From a European point of view at least, Hot Docs is “the” North American event to attend for doing business (except Sundance, perhaps, if you are aiming for the theatrical market). This is mainly due to the Toronto Documentary Forum (TDF), whose pitching sessions are modelled on the FORUM in Amsterdam. Many European CEs travel to Toronto, and the North American channels are heavily represented, including CEs from all sorts of channels like Court TV, CNN, Vision, the Sundance channel, the documentary channel and ITVS. TDF alone attracts the doc business, but the Hot Docs film programme is absolutely worth the trip, too. The International Showcase was high quality and local audiences flocked to the cinemas, even though summer had just arrived in Toronto.
Many European doc festivals require an international premiere for their competition programme, which often results in having to include mediocre films in the programme. Hot Docs has decided to do things differently. Only 9 of the 31 films in the International Showcase programme were either international or world premieres (yet there were many more world or international premieres in all the programmes put together). This gave the organisers the freedom to simply choose the best films that paid off, enabling them to present a powerful programme.
Five months before Hot Docs, the festival hired a new Director of Programming, Sean Farnel, who used to programme docs for the Toronto International Film Festival. He explains Hot Docs’ priorities: “In general, a film’s premiere status is only one variable among many in our selection process. Ultimately, our goal is simply to offer as diverse a programme of good documentaries as possible, which I believe we did. It seems to me that the obsession with premieres among the many film festivals does not always serve the films nor the filmmakers. I think it’s more important to have a curatorial identity and purpose. As I’m new here, I’m still in the process of defining and refining these things for Hot Docs. But given our place on the festival calendar, I do see an opportunity for Hot Docs to present a selection of the season’s best new work, as well as films that were unfinished or unjustly overlooked by key festivals such as Sundance, Berlin and Rotterdam.”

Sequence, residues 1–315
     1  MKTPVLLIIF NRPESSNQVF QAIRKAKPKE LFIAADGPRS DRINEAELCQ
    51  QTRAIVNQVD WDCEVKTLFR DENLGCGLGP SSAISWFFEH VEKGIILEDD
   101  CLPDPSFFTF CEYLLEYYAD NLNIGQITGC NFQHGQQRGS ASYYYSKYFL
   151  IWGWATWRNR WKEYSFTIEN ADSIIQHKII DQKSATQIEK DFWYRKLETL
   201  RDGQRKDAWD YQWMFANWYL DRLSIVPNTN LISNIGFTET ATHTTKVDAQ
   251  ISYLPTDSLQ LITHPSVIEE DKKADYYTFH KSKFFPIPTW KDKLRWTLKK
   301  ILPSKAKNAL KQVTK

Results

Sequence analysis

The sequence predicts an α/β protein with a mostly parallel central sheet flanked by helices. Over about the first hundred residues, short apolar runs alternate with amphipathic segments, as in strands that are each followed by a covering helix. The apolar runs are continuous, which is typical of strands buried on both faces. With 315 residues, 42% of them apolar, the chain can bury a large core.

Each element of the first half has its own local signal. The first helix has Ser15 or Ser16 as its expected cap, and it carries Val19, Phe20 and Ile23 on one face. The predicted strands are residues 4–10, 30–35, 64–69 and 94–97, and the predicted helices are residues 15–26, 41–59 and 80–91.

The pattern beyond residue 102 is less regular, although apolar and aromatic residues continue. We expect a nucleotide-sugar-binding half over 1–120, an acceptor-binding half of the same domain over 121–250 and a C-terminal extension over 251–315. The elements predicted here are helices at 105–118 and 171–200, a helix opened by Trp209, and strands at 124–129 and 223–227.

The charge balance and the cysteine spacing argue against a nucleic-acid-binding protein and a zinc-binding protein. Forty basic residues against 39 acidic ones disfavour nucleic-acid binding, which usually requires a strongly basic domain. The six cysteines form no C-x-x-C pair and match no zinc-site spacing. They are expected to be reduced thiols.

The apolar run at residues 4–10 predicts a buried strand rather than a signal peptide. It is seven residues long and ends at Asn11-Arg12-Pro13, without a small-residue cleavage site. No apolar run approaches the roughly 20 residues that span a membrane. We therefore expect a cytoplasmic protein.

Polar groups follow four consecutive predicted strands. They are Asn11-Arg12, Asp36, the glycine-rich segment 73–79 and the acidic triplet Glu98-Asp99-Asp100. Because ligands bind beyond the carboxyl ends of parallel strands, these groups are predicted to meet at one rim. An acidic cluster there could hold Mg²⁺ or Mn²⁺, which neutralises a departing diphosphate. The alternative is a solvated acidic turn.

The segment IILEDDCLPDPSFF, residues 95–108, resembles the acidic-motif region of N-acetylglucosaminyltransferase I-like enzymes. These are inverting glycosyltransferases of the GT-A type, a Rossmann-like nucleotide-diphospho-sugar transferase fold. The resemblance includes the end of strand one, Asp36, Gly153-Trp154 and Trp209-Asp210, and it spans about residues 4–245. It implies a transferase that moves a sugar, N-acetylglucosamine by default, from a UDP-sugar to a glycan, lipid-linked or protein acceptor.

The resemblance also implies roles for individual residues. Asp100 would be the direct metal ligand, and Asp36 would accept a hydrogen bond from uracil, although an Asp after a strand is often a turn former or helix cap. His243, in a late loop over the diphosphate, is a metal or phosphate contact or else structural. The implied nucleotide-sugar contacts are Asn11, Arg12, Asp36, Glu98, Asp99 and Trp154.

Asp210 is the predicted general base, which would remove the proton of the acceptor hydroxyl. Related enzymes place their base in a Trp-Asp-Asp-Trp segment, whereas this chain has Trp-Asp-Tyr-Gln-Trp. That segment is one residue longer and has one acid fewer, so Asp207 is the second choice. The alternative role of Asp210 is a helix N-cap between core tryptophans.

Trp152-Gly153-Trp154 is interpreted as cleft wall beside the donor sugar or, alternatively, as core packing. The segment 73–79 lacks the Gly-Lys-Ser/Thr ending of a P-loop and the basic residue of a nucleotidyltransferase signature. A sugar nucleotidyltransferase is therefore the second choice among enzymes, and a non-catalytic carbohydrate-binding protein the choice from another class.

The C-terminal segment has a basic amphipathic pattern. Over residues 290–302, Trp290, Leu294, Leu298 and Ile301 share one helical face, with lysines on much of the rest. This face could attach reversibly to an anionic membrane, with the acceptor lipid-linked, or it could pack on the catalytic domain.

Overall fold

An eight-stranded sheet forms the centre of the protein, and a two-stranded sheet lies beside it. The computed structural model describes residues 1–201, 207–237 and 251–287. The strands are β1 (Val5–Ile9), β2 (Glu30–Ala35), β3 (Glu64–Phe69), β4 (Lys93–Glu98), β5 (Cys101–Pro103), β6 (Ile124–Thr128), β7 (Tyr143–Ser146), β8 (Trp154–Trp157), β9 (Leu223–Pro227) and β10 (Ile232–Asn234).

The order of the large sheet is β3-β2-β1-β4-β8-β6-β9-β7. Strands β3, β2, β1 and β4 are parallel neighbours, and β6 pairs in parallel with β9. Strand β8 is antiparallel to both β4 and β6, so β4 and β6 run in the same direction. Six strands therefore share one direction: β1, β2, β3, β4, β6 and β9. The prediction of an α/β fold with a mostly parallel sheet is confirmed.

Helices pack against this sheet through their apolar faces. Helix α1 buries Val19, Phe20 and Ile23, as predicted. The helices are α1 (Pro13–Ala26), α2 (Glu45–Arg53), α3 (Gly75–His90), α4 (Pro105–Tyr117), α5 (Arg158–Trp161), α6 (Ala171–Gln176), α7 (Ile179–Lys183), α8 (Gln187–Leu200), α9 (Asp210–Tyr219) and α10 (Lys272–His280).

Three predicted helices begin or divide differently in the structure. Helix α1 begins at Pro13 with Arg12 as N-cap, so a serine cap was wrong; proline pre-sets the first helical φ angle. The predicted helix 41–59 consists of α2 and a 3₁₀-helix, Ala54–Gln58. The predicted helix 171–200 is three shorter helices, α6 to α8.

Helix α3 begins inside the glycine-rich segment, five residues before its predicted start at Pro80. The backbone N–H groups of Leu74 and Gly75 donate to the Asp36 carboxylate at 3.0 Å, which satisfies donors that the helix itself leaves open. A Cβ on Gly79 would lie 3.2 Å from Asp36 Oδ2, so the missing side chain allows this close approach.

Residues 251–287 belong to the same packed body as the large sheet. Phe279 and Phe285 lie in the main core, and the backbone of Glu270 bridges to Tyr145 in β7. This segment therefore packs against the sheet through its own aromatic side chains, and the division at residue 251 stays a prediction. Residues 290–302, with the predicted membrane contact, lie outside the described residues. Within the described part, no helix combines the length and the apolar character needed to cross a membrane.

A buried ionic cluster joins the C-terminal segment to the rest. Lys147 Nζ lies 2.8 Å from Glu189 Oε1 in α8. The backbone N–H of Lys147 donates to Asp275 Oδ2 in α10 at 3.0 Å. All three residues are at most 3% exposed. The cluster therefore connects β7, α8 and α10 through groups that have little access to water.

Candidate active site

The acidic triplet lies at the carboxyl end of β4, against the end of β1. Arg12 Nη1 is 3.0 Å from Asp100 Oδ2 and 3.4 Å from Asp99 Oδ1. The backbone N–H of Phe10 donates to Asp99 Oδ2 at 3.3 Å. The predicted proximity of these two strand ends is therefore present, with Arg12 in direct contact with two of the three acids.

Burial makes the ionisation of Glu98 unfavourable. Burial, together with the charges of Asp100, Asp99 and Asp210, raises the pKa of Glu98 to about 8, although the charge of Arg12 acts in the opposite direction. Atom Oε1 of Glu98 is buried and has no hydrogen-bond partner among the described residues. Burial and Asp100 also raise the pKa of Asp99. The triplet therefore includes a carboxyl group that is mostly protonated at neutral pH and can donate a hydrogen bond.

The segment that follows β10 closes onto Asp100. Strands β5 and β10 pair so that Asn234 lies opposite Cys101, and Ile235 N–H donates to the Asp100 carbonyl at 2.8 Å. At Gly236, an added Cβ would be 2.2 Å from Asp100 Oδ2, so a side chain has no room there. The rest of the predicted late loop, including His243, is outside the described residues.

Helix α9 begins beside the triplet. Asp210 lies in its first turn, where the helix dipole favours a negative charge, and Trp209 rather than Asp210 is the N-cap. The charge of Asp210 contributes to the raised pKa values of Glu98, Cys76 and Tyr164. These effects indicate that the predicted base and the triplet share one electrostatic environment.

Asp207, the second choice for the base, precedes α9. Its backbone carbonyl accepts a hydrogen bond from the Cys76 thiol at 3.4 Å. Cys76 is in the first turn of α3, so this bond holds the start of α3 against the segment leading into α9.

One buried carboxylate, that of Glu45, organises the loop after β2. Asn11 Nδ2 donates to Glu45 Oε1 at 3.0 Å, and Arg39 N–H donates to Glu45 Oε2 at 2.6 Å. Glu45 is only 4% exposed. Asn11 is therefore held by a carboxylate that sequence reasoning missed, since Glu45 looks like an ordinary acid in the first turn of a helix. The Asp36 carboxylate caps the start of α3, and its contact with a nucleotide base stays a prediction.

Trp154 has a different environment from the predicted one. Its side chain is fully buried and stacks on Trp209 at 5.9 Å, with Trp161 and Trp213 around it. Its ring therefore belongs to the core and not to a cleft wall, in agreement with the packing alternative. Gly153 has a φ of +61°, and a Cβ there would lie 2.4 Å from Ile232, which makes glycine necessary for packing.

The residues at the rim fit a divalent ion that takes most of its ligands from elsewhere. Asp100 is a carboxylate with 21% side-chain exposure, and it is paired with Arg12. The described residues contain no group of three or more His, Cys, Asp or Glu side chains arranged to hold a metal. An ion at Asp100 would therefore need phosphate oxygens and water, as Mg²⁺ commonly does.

“I understand the premiere pressure that festivals face and I think it’s important and exciting to launch new work, but for me there needs to be some balance. Of course, there is an Industry imperative to presenting premieres, as those who travel to film festivals to do business want to see the newest films. However, my experience is that one always misses good films at any given festival, and it’s nice to have opportunity to catch up elsewhere. At Sundance, “A Lion in the House” was screened by exactly seven people at the Industry screening I attended. It won our Audience Award. While there are many, many film festivals these days, if the key events ignore such special films just because they’ve played elsewhere, then these films will disappear without building a critical mass, which is a shame.
Below are reviews of a selection of the films.
“In the Pit” is a peek into an authentic male universe: workers building the second level of Mexico City’s massive freeway. This work is not for those with a fear of heights as the men have to balance on thin baulks high above the ground and climb the unfinished structures in awkward positions. The camera follows them, capturing the nature of their work, which is hard, dirty and dangerous and consists of long workdays. They work hard for low pay, but don’t have a choice if they want to eat.
Their friendships keep them going. They are tough guys, at least on the surface: one used to be a Mafioso, others have dubious pasts. They reveal small bits of their life to the director and among themselves they talk man’s talk: a lot about women, but also about politics, and a few times we follow some of them back to their humble homes.
The close universe of these men contrasts with the gigantic grandiosity of the freeway construction project which is depicted in a total shot of the construction site sped up in fast motion making the men seem like busy ants going up and down the structures. The scene is set to loud percussion music and the cars rush by. The final scene is one long impressive bird’s eye view from a helicopter of the whole freeway as it meanders kilometre after kilometre through the landscape. Hundreds of men are working on the road, all whose individual destiny is to slave away for modernisation.
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